Gertrude had been abandoned, pregnant, and near starving when she was rescued by Jeannie, founder and director of DAPS. This amazing organization is invested in saving and bettering the lives of animals in Dixon and the surrounding areas. Our story, how Gertrude came into my life, is a memorable one.
Jeannie found Gertrude under a neighboring trailer. In the late winter of December, a few days after Christmas, Gertrude (named by me after none other than Gertrude Stein) had six puppies, five of which died due to lack of food and the bitter cold. By the time Gertrude was rescued, unbeknownst to Jeannie, there was one surviving puppy still underneath the trailer. When discovered, that puppy was heroically rescued by DAPS President Judy Pearson with the help of Jeannie's husband Bob and daughter Hannah and their loyal rescued German Shepherd Trina (with hotdogs in hand! Judy, not Trina). Remarkably, she was in good health and happily placed in a loving home in Dixon. But before the young puppy was found and rescued, Jeannie had posted an ad in town seeking a home for Gertrude, herself still a puppy, about a year old. No one stepped forward to adopt her. Sadly, Jeannie knew she would eventually have to take her to the Espanola or Taos shelter. Because Gertrude is possibly a staffordshire/lab mix, but looks all 'pit', Jeannie knew her chances of adoption from the shelters were slim, and Jeannie, who already has ten dogs, knew she could not keep her.
Enter a woman with MS, a red car, and a desire to help the animals; a woman who cannot run, but can drive! On that fateful day, I called Jeannie and volunteered to take Gertrude to the shelter if no one adopted her. Not imagining in my wildest dreams that I could or would ever own a dog given my particular limitations, I did not consider myself a viable candidate as an owner. The day came, though, when I was supposed to take her to the shelter. That morning when I called Jeannie to pick up Gertrude, whom I had not yet met, Jeannie said, "I can't do it, she's too sweet. We just can't take her to the shelter, they will most likely put her down." I said, "What can we do?" Jeannie said, "Let me call the vet to see if they can take her today, and if they can, can you take her there? We'll get her spayed and I'll keep trying to find her a good home." Yes! I could do that.
That morning I met a darling yet frightened puppy. I had brought some treats, and she eagerly took them. We then loaded her into the passenger seat of my car. She was a very sad, dejected looking dog; the air was palpable with her trauma. She would not look at me on the thirty minute drive to the vet, for surely she felt she might be on her way to being abandoned yet again. She was scared. I kept my hand on her back telling her she was safe and loved, and that nobody would leave her again. How true it was! Little did I know that nobody would be me. The rest is herstory: I picked her up three days later, gave her a warm bed, good nourishing food and witnessed, and continue to witness, her transformation into a healthy, confident, loving dog. Moreover, as you might imagine, she is slowly forgetting her past trauma of abandonment, near starvation and the loss of her pups. Gertrude gets me out the door and into my enclosed yard to play with her, thereby exercising, and perhaps more importantly, getting me to forget the daily concerns of living with MS.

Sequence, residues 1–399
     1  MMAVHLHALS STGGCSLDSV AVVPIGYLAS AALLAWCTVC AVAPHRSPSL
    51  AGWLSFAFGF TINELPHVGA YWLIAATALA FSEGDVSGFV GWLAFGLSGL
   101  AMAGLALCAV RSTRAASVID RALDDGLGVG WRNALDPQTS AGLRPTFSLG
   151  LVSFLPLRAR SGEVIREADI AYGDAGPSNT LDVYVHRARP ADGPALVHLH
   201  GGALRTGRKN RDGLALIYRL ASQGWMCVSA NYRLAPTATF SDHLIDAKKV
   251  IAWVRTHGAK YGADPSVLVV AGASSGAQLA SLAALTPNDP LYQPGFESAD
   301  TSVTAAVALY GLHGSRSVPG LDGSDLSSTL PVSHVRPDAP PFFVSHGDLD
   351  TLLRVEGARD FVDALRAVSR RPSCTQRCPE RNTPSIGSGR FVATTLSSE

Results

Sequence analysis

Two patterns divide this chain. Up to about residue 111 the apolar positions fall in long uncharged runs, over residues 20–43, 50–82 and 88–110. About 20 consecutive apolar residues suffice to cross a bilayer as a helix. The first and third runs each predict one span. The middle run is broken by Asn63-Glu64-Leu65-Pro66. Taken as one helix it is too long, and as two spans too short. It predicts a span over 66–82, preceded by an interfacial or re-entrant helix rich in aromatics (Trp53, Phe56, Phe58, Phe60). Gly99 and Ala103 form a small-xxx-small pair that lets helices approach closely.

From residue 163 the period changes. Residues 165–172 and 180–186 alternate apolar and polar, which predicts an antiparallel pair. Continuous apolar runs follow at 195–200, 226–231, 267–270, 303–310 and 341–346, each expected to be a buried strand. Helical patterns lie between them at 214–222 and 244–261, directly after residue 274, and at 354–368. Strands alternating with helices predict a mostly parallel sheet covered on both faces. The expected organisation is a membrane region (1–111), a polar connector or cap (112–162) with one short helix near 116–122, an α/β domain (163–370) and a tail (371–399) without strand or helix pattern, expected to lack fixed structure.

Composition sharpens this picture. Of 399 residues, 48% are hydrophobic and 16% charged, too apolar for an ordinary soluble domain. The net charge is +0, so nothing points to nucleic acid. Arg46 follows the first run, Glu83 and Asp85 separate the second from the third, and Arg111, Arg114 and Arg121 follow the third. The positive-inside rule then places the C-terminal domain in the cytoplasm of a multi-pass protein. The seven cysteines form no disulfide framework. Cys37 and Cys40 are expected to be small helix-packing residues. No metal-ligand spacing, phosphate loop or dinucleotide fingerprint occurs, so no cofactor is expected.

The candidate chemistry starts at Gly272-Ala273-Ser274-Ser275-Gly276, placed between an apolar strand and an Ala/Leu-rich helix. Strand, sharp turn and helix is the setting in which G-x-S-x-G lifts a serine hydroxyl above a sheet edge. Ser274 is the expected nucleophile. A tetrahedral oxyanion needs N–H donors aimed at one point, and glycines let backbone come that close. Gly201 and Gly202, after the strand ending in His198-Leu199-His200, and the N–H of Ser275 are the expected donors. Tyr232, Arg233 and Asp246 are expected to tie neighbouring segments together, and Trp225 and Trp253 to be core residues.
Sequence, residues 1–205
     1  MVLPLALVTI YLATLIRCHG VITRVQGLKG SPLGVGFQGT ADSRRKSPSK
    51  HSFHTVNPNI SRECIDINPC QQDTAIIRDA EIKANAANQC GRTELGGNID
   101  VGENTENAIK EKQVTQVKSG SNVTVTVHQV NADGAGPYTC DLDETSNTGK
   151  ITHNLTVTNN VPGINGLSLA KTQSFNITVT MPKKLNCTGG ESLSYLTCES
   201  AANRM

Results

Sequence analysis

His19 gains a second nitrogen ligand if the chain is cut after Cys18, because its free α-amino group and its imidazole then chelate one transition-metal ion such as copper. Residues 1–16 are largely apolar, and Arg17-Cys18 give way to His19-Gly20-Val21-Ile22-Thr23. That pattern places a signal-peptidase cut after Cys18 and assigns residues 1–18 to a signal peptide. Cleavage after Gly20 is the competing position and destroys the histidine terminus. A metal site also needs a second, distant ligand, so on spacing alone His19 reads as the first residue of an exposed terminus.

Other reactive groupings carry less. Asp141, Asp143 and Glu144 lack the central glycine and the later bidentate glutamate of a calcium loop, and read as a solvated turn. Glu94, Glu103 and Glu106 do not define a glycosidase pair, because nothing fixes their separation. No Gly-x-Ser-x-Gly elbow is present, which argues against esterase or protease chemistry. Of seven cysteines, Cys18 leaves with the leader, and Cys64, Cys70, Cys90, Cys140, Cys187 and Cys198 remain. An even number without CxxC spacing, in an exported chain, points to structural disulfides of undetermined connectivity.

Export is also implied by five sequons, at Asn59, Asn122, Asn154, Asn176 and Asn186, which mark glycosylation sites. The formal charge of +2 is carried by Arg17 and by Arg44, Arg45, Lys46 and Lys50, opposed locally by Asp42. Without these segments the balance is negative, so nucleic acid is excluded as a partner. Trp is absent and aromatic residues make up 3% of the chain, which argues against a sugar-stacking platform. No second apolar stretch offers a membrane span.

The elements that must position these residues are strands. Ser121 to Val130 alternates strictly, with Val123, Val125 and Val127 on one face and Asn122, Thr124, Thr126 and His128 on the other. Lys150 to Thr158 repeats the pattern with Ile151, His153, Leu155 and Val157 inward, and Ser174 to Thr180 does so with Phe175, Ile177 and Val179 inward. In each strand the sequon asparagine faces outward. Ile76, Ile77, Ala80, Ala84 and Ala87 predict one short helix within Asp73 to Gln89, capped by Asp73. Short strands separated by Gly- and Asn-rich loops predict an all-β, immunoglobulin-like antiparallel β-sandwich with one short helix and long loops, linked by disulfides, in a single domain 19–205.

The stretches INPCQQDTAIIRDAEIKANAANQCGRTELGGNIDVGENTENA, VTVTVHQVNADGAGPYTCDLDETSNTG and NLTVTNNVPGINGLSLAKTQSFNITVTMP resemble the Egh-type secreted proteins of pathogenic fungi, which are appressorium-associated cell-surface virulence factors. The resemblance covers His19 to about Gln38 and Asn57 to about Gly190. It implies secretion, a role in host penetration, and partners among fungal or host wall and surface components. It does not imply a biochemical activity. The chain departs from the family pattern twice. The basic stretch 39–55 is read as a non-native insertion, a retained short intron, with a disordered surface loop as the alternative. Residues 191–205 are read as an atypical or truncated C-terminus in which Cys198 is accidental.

We have now begun service dog training in Santa Fe with Assistance Dogs of the West. As most of you know, currently I cannot walk Gertrude any fair distance to exercise her due to my limitations. This was a major concern as regards adoption, but it was brilliantly rectified by the help of so many people that need mention here.
First, Jeannie of DAPS had generously offered to pay to enclose my yard with a fence. I was overwhelmed with what that could cost knowing DAPS relies on donations and has limited funds. But the magic surrounding Gertrude had only begun. My landlords, dog lovers themselves, agreed to the yard's enclosure, and donated all the fencing materials. Thank you Adam and Steve! But who would put up the fence? Two other angels appeared: the husband and friend of my friend Jennifer-- Greg and Wes-- donated many days of their time and labor to enclose the yard. Thank you Greg and Wes! But the story would not be complete without mention of Jennifer, my friend and cohort in all things dog and animals. I met Jennifer through Jeannie. She had also volunteered her time to assist DAPS in rescuing animals, she herself raising three dogs, a horse, a couple of goats and chickens. When she heard that I had MS but really wanted to adopt Gertrude, yet was concerned about how Gertrude would get exercised, Jennifer and her wonderful twelve year old daughter, Leela, showed up at my door five times a week, leash in hand, ready to take Gertrude on long walks. Jennifer continues to walk Gertrude when she can, because, well, she too has fallen under Gertrude's charming spell. Thank you Jennifer and Leela!
And finally, but not lastly, my heartfelt gratitude goes out to Jeannie of DAPS, without whom none of this would have been made possible. Jeannie's love and respect for animals, their lives, their sufferings, and their well being is what brought Gertrude into my life. Thank you, Jeannie!
And thank you to all the friends and family who have listened to our unfolding story from the beginning, encouraging me to keep Gertrude and take on the Service Dog training together.